Watching Oprah Winfrey’s incendiary sit-down this past weekend with Prince Harry, Duke of Sussex, and Meghan Markle, who stepped down from the British royal family in 2020 and moved to Southern California, I soon found my thoughts drifting back to Canada in the early months of 2009. Stephen Harper, the country’s right-wing prime minister, had just suspended parliament to avoid a motion of no-confidence that would surely have ousted him from office and ended his career. The move, permitted by the unelected governor general, was more or less a naked power grab, amounting to an arbitrary suspension of representative democracy by executive fiat. Officially, of course, the governor general was acting on the advice of experts. Unofficially, as many observers implicitly understood, she lacked any real legitimacy to thwart Harper’s ambition.
Among other things, the whole episode revealed a serious weakness in Canada’s constitutional design, in which an appointed figurehead serves as viceregal representative for the British monarchy — an arrangement which in practice gives the prime minister of a majority government near untrammeled executive authority. It also underscored the deep ambivalence many Canadians feel toward their own ruling institutions.
According to one poll conducted by the Dominion Institute in 2009, a full three-quarters of Canadians couldn’t even identify the governor general as Canada’s de facto head of state. While some pundits might be inclined to brush off such a finding as a regretful instance of civic ignorance, popular comedian Rick Mercer had it right in his reaction to the poll:
When asked “Who is Canada’s head of state?”, 75 percent of Canadians could not answer the question. And who can blame them? The answer is ridiculous. It is… the Queen of England. Now, for those unaware of her work: she’s an elderly lady of German descent who lives in a castle across the ocean. In fact, in order to become a Canadian citizen you must swear an oath of loyalty to the Queen and her heirs. Luckily I was born here so I’ve never had to do it. Now, unfortunately the Queen is a very busy woman. She has nine dogs, and when she doesn’t have time to pay attention to Canada (which is, let’s face it, always) she has a representative who lives in Ottawa and is in charge of Canada… In this country, nothing happens until the governor general says so. But, to be fair, [the governor general] takes [their] orders from the government of Canada. After all, we are a democracy … though it may not seem like it yet.
Though Canadian attitudes toward the monarchy itself have oscillated somewhat, a poll published just ahead of this past weekend’s interview suggests that many have soured on the institution — some 45 percent now preferring an elected head of state to the Queen (an increase of thirteen points from a previous survey conducted one year ago). Given new revelations about the royal family’s backward and racist attitudes, there’s every reason to believe the trend will continue.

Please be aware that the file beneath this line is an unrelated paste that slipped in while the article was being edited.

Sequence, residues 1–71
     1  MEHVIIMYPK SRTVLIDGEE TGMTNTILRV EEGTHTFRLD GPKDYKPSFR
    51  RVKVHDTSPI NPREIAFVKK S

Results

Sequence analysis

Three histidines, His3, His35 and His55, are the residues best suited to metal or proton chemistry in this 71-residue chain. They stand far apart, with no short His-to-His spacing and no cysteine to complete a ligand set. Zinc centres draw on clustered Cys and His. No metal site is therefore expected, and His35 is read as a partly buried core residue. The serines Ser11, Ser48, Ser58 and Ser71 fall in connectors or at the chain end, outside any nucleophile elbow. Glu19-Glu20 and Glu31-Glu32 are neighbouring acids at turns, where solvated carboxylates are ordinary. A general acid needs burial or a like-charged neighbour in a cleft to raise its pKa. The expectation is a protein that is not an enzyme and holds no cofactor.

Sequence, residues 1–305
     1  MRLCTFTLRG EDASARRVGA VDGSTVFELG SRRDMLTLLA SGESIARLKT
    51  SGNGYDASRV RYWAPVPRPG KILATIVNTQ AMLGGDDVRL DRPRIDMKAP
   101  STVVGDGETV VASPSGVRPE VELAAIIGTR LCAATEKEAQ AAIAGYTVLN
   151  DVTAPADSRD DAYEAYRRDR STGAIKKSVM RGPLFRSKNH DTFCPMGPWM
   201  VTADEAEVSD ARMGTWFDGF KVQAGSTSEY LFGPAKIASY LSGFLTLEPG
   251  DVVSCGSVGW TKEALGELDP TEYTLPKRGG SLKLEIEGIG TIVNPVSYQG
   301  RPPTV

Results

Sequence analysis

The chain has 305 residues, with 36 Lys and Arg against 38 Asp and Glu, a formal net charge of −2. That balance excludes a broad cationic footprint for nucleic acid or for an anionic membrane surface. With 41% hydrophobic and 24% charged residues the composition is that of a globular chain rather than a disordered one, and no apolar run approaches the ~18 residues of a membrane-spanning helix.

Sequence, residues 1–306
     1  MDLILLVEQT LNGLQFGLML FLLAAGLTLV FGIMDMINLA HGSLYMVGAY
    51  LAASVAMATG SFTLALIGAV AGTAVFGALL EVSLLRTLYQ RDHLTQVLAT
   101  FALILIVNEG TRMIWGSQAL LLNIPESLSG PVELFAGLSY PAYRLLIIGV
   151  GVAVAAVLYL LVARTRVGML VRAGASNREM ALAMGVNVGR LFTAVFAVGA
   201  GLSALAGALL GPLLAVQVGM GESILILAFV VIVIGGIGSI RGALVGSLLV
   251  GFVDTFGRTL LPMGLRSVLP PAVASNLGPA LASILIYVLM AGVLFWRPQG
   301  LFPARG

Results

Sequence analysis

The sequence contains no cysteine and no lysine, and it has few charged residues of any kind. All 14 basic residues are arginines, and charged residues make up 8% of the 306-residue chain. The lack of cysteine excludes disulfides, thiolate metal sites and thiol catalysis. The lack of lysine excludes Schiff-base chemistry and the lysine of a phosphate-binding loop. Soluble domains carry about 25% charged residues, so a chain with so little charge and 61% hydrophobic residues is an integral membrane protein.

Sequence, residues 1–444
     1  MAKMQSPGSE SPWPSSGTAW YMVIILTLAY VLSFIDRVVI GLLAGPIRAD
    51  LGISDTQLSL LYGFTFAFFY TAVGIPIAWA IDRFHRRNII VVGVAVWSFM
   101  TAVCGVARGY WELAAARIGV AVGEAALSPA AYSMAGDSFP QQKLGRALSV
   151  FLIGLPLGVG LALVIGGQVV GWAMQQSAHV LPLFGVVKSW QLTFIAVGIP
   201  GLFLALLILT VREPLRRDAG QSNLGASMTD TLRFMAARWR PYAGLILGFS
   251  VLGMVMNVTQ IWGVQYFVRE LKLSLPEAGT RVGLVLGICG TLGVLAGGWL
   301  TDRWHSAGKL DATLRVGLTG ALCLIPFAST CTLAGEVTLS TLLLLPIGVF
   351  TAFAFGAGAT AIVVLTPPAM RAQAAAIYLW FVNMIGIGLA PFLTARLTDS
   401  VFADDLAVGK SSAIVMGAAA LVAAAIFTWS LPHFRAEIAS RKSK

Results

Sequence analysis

Ultimately, of course, the problems with monarchy extend far beyond its faltering popularity, who happens to reside in Buckingham Palace, or the ethereal, conservative influence it exerts on Canada’s institutions. As a matter of design, the principle of heredity cuts against every democratic and egalitarian impulse you can imagine — the philosophical ground on which it rests being quite literally medieval and contrary to the basic beliefs of many if not most citizens in modern democracies.
In Canada’s case, however, it’s difficult to see how even the small-c conservative case for keeping the monarchy holds up. The British political theorist Michael Oakeshott famously argued that politics should be about “attending to the general arrangements” of society rather than making them based on a priori beliefs about how it should operate. Reform, for Oakeshott, was therefore more about fixing inconsistencies within existing institutions. Though in practice this principle is pretty difficult to apply (what constitutes Oakeshott’s hated “rationalism” ultimately being a matter of debate), it’s also a useful heuristic for Canada in 2021 — officially a pluralist, representative democracy whose institutions are critically engaged with their own colonial past.
Notwithstanding the considerable blind spots and limitations of this official story, it’s one difficult to square with a hereditary monarchy left over from a long defunct empire. While the actual business of overhauling Canadian institutions is not a simple matter (one only has to revisit the constitutional debates of the 1980s to be reminded why) there’s no reason the process can’t be taken up via other means — by way of public school curriculums, official histories, and changes to the liturgy of national politics — in the short term.
Meghan and Harry have maintained their respective titles while also effectively leaving the monarchy behind. What exactly is Canada waiting for?